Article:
- RF Ichiro Suzuki
- DH Vernon Wells
- 2B Robinson Cano
- LF Alfonso Soriano
- 3B Alex Rodriguez
- CF Curtis Granderson
- 1B Mark Reynolds
- SS Eduardo Nunez
- C Chris Stewart
And on the mound is lefty Andy Pettitte, who is coming off a pretty good start against the Red Sox. He ran out of gas in the seventh inning but looked better than he had in a long time for the first 6+ innings. The Yankees need a repeat showing of that Pettitte today; he’s got to pitch better if they’re going to make a serious run at a playoff spot.
It has been pouring in New York all morning. Real heavy, nasty rain with lightning and loud thunder. Not exactly baseball weather. That is supposed to clear up early this afternoon however, so we’re probably going to have a game today. The Blue Jays do not come back to the Bronx at all this season, so expect them to wait it out as long as necessary. No one wants to forfeit an off-day to make a game up this late in the season. First pitch is scheduled for 1:05pm ET but I’m not sure that will happen. They might start in a delay. Whenever they do play, it’ll be on YES. Enjoy.
Update (12:58pm): The game will not start on time, the Yankees announced. No word on a tentative start time or anything. It’s still raining outside. Not hard, but raining enough.
Update (1:32pm): Dan Barbarisi hears it might be a while until the game begins, something like 3-5pm ET. Yikes.
Update (3:44pm): The tarp is coming off the field and the team says they are shooting for a 4:30pm ET start time.
Update (4:32pm): We have baseball. The two teams have taken the field.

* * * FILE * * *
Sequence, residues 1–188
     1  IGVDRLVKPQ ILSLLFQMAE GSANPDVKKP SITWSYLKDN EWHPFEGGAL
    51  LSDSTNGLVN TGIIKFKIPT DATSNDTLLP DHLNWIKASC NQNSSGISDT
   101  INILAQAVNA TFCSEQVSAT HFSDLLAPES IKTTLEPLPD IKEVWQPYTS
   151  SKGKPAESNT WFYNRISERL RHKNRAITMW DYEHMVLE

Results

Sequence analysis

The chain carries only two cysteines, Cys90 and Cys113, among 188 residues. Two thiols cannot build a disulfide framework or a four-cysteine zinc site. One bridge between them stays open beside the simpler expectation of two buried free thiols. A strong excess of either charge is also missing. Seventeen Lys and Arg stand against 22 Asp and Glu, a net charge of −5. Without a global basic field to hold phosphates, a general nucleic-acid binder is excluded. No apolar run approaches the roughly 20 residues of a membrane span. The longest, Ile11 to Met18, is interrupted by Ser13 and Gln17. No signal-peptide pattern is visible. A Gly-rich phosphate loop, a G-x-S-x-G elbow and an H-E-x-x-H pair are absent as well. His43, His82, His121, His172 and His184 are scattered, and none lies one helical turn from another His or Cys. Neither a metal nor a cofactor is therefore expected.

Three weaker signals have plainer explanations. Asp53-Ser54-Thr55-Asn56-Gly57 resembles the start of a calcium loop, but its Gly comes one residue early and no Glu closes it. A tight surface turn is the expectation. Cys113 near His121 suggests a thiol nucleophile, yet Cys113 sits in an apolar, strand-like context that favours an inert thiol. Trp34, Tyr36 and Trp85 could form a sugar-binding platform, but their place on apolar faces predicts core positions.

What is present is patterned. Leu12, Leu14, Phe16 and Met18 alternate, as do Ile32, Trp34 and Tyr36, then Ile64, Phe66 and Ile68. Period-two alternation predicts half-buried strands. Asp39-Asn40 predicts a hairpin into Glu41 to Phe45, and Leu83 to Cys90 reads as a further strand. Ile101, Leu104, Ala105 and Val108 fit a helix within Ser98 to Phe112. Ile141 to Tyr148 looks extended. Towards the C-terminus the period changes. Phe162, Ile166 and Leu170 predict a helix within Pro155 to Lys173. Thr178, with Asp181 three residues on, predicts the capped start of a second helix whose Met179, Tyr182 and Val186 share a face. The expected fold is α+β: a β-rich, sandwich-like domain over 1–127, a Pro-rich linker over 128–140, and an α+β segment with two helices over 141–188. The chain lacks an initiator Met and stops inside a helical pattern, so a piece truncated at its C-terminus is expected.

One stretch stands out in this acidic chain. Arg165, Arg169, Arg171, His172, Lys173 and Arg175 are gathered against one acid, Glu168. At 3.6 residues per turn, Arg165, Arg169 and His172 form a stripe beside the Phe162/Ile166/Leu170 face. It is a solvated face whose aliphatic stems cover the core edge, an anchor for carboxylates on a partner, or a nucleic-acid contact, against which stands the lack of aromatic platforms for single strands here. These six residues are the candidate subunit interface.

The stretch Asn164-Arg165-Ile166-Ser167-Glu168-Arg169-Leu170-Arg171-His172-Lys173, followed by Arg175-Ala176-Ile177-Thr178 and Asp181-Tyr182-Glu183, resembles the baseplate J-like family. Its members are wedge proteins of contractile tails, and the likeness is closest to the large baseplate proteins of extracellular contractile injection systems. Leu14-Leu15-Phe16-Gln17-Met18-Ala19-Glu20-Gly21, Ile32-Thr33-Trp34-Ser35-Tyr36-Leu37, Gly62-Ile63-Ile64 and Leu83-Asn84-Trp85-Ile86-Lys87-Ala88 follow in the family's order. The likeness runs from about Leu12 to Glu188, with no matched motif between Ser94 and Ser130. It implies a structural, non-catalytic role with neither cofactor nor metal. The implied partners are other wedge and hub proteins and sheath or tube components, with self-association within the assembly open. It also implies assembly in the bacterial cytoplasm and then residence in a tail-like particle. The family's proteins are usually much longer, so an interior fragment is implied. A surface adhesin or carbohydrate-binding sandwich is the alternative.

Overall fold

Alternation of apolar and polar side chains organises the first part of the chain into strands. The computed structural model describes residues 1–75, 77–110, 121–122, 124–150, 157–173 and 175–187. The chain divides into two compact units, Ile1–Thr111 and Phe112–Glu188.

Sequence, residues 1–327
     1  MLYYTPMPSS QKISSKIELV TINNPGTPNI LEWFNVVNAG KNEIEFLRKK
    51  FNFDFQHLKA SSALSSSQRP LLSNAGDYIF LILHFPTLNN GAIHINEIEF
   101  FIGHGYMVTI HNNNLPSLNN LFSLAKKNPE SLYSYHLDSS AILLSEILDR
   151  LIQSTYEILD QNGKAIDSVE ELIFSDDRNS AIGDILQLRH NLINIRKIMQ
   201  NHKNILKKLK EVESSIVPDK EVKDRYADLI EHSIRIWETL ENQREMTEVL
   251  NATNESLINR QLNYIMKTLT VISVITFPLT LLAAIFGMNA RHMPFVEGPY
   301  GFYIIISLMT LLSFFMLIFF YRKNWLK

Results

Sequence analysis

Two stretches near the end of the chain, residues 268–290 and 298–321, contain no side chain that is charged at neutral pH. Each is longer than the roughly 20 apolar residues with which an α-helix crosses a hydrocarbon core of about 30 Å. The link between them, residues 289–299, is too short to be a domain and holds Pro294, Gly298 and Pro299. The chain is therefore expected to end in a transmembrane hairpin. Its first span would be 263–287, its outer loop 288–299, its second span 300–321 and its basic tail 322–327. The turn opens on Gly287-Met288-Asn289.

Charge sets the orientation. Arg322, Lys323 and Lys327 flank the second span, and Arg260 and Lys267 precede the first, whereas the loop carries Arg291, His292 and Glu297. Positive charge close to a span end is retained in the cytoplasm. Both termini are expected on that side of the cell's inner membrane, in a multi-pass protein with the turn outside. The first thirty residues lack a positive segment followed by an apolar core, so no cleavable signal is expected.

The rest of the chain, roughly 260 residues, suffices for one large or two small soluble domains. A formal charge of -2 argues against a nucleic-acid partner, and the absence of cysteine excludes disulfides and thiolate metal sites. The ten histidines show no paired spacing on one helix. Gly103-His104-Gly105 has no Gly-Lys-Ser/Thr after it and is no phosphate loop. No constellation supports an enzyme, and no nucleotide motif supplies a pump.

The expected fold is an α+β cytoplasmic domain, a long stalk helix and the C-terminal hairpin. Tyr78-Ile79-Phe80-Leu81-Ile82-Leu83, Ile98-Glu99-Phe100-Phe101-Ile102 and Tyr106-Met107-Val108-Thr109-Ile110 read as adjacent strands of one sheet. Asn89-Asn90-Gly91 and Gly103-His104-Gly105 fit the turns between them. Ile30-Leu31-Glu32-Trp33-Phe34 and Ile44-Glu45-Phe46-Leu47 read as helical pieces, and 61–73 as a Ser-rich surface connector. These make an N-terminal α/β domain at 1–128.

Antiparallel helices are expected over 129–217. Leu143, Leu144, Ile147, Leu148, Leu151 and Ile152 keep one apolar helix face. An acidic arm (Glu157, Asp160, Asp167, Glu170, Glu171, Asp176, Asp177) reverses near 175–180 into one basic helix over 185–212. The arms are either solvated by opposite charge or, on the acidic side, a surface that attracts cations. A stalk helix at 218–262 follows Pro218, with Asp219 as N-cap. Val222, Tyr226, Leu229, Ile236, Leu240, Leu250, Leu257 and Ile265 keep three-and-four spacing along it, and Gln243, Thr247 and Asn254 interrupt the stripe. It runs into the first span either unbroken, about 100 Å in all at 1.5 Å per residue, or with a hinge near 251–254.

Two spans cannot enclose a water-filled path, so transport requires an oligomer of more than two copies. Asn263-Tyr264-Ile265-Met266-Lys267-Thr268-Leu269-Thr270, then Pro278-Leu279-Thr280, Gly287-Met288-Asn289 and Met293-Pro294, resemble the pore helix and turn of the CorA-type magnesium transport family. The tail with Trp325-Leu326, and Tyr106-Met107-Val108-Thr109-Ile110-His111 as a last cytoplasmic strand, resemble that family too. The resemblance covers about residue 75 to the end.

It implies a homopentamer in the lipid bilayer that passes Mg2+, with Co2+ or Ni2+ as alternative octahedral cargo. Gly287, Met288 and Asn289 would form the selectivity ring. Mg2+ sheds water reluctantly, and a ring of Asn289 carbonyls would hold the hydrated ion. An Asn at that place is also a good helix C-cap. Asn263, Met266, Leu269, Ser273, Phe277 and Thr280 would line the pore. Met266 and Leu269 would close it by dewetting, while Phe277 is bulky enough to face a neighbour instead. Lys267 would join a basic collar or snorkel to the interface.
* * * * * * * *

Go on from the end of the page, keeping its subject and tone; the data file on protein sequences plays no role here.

Via Buster Olney: The Yankees are not discussing a possible waiver trade involving Justin Morneau with the Twins. Darren Wolfson hears New York is monitoring the slugger though, and they figure to do that right up until August 31st. Players have to be in the organization by that date to be eligible for the playoff roster, no exceptions.
Morneau, 32, cleared trade waivers earlier this month according to Mike Berardino, so he can be dealt to any team now. He’s owned approximately $3.5M for the rest of the year and will become a free agent for the first time this winter. The lefty-swinging Morneau is hitting .269/.322/.434 (107 wRC+) with 15 homers overall this season, but he’s been a monster in August: 158 wRC+ and seven homers.
The Yankees could use Morneau as a powerful part-time first baseman/part-time DH down the stretch, and fitting him onto the roster won’t be too big of an issue with September call-ups looming. They should probably focus on adding a starting pitcher (Dan Haren?) more than a bat right now, but every little upgrade matters at this point. Morneau would be useful in some capacity. · (19) ·